Saturday, August 23, 2014

Joe Beck Trio, Get Me Joe Beck

by Icrom Bigrad

Joe Beck Trio, Get Me Joe Beck (Whaling City Sound)

Joe Beck - who passed away 6 years ago at age 63, left us with his final recording Get Me Joe Beck, which was captured at a performance at Anna’s Jazz Island in Berkeley CA on Sept. 14, 2006, featuring locals Peter Barshay on bass and Dave Rokeach on drums, to round out a solid and interactive trio. Beck at the time had failing heath, but not a note would reveal this fact, he truly was shining in true form. Highlights include: “Alone Together,” “You and the Night and the Music” and “Tenderly.” A spoken word track in which Beck describes his approach to his instrument (“The guitar is a six-piece band”) gives us a unique look at the methodology, chalked full of visions about his sparkling mastery.

Rik Wright, Fundamental Forces: Blue

by Jeff Becker

With influences ranging from Jim Hall to Jeff Beck to John Abercrombie, it is only natural that Rik Wright Fundamental Forces, Blue would be the driving tonality of his latest endeavour, but one has to take this one step further and recognize that compositionally elements of Charles Mingus are present.  Like Mingus, Wright’s compositions retain the hot and soulful feel of hard bop, while sometimes drawing on elements of third stream and/or fusion. Almost a fused tradition with unique and unexplored realms of jazz; keeping one foot in tradition, while the other foot is stepping into the future.

Wright’s style of writing though very modern and forward in style, still captures a melodic yet catchy sensitivity.  “Mood Ring” highlights a sixteen note pulse, which finds Wrights guitar in unison with DeJoie’s reed instrument for the first statement of the melody, giving the cut a dark, yet provocative impression. James DeJoie a major influence as well in the tonality of the proceedings plays clarinet with agility and clarity. On “The Butterfly Effect,” DeJoie’s alto solo soars.  The combination of Wright and DeJoie as soloists on this outing elevates the overall effect.  On “Nonchalant” DeJoie is featured on bass clarinet, again adding to the uniqueness of the cut. On “Parting Ways” he plays a flute intro with a distinctive Asian overtone.  Wright’s guitar is a fantastic foil and complements the reeds on each cut with crisp gentle chords, all the while with Geoff Harper (bass), and Greg Campbell (drums, percussion), creating a solid and forward rhythmic foundation for both Wright and DeJoie to expand their ideas upon. The final track “Miss Thing” takes it a bit more avant/third stream with spacious guitar, chiming sounds sparsely colouring and relaxed drum colours, add a raspy alto solo from DeJoie that builds to a frenetic pace and an almost Jimmy Paige affected rock guitar solo from Wright, it is a fitting emotional release to the overall picture.  Rik Wrights Fundamental Forces, Blue is a highly recommended listen, especially for a jazzer that enjoys grit.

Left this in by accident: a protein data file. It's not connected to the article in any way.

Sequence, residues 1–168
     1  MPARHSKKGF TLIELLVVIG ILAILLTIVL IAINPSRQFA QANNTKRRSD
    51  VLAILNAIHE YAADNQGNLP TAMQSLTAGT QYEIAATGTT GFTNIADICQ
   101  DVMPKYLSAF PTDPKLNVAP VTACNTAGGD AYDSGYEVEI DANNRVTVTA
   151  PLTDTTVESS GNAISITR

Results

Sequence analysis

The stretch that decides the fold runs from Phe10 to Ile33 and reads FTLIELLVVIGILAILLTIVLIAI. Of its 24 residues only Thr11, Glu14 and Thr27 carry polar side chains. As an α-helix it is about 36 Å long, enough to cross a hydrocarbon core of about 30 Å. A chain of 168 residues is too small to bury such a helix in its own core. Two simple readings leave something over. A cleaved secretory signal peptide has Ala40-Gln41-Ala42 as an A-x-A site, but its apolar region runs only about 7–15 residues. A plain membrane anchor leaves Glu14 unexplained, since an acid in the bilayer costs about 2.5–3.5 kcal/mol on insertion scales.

Tuesday, August 5, 2014

Larry Corban, The Circle Starts Here

by Icrom Bigrad

New York City based guitarist Larry Corban along with upright bassist Harvie S and drummer Steve Williams teamed up to form a jazz trio. Though Larry Corban is less known on the jazz scene and his band mates have plenty of playing experience with Steve Williams having played the drums for more than 20 years with Shirley Horn, it does not lessen his ability to create an equal partner musically on his endeavor, The Circle Starts Here.